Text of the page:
It was coincidental that we held this week a Mass Casualty Incident Drill. Thanks to the US embassy security and medical personnel, we practiced our procedures in the event of many students being injured. The training incident was a wall collapse in the fitness room and our First Responders (teachers trained in first aid) and doctors from the Tashkent International Clinic worked together to transport students from the incident to the triage area and off to hospitals or treated in the TIS Health Unit. In the After Action Review, we reviewed our Lessons Learned and will be processing them next week.

The Mass Casualty Drill is one of several scenarios we practice annually. Others include earthquake, fire, evacuation to safe zones, stand fast, lockdown, and bomb threats. I strongly believe if the students and staff are well-trained, in the case of an emergency, they will implement our procedures to keep everyone as safe as possible.

Secondary School Drama Students Play Different Levels of Casualties

Latest Thoughts on the Pandemic: May 22, 2022

The TIS Covid Response Team announced last week that TIS is dropping the indoor mask mandate for students, employees and visitors. This is the first time since the pandemic started in Tashkent in March of 2020 that everyone can go mask-free at all times. When transmission in the city has been low, we were able to make masks optional outdoors and in the Early Learning Center. We’ve been unlucky on several occasions this school year when we were considering dropping the mask mandate entirely, a new variant would arrive and we needed to keep the mask mandate in place.

The Uzbek government dropped all mask mandates long ago. The vast majority of the Uzbeks are risk-tolerant so you see few people wearing masks in the city. There are no requirements for schools. We took a cautious approach because of the diversity of our population. Some of the cultures in our school are much less risk-tolerant than Uzbek culture. I think because many people are vaccinated and recent variants are milder than previous versions, there is a high bar for re-instituting mask mandates. I am also seeing mask fatigue in many of our students and employees. We were handing out more masks during morning arrival which tells me that more people are not wearing masks when they were off-campus. We conducted a survey a few weeks ago and a strong majority of foreign employees want to go maskless.

The Washington Post has excellent resources about masks, a fourth booster shot, and other resources on their Corona Virus coverage. As a public service, they have made all of this subscription-free.

I was curious to see how the students would react. I sense that many of them have been wearing masks for so long that they just feel more comfortable with them on than off. Adolescence can be an awkward time for students and the masks probably give them a bit more protection against social interactions as well. In the first week of the maskless campus, probably around 20% of the students are wearing masks and as the week went on, that number dropped.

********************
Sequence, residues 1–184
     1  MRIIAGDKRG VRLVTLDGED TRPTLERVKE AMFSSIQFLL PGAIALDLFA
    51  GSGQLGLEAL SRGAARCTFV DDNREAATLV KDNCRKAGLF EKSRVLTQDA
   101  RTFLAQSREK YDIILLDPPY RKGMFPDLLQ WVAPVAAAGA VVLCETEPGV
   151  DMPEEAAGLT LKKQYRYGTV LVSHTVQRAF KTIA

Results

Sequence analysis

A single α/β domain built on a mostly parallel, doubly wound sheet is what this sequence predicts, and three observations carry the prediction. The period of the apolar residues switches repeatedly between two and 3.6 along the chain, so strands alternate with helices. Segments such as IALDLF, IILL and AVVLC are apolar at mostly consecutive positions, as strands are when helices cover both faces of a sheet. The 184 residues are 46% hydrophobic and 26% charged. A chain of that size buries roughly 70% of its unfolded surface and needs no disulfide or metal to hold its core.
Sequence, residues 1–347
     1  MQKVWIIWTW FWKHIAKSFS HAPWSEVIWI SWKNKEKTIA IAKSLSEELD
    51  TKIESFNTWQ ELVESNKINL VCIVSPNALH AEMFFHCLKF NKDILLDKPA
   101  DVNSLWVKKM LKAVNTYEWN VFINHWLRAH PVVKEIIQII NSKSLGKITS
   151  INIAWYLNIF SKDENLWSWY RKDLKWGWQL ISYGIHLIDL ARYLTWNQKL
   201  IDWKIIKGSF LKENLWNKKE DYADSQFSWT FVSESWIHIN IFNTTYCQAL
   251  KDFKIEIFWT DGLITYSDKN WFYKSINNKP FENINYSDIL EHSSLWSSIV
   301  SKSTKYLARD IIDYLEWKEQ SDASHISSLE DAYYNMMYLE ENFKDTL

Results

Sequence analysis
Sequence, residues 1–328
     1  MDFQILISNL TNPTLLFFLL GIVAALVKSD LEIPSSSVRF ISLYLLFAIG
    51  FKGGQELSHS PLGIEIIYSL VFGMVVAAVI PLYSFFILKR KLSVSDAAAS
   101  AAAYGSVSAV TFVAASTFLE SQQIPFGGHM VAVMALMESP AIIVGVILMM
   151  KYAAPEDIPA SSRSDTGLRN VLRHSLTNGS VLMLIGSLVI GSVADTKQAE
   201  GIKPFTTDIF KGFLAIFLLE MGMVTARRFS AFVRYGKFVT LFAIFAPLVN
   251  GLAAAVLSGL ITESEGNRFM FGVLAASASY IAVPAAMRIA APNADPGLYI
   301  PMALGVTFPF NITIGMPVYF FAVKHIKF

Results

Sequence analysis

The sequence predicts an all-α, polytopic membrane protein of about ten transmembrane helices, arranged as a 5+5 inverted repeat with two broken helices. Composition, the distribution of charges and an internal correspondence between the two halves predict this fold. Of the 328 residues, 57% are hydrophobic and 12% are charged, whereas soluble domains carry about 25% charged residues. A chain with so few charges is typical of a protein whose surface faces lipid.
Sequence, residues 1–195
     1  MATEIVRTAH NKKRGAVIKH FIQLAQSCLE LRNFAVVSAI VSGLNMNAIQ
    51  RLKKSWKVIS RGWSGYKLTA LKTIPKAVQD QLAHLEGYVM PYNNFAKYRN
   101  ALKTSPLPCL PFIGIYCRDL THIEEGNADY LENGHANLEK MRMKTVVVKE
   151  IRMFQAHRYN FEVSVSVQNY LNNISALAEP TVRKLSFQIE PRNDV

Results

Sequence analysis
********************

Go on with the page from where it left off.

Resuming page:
There are a lot of questions about booster vaccines. We will be offering employees and foreign parents the opportunity to get a booster shot through our sister organization, the Tashkent International Clinic. The CDC is recommending boosters (third shot) for children ages 5 to 11.

I am hearing from friends through Facebook about their experiences in China. The government’s Zero-COVID policy must be tough to teach through as the school year is ending. We are fortunate that cases are low at the moment in Tashkent and hopefully we can finish the year on-campus without problems.

Accreditation Visits

The Accreditation Team

International School leaders often volunteer their time to support the accreditation of other international schools. Accreditation is similar to an ISO9000 process in business, confirming a school is meeting the international standards of excellence. This week (April 2-8, 2022), I am the Chair of the New England Association of Schools and Colleges (NEASC) accreditation visit to the International School of Turin, Italy. It is a synchronized visit with the Council of International Schools and the International Baccalaureate. Unfortunately for the team, the visit is virtual and these long days and nights on Zoom video conferences get a bit tiresome. It would have been much better to visit the school to get a true feel. However, it is surprising through Zoom how much you can learn about a school. I’ve also seen a few schools in my day and can quickly assess what is going on. I also wanted to see Northern Italy, a part of the world I’ve never been to.

It is a fantastic professional development experience for me. It is beneficial to be on the other side of the accreditation process. The Tashkent International School is undergoing our Synchronized Visit from November 12-18, 2022. This week has made me more comfortable with the software platform for the reports (WEAVE), the scheduling of the visit, and, most importantly, making sure we have all of our documents and processes in place. CIS/NEASC/IB are moving towards a supportive role for experienced schools instead of purely evaluators. The IB Chair described the process as holding up a mirror to the school. I like this format and I felt the meetings I am participating in this week are robust professional discussions about education instead of trying to find faults in the school. I am learning just as much as the school we are visiting.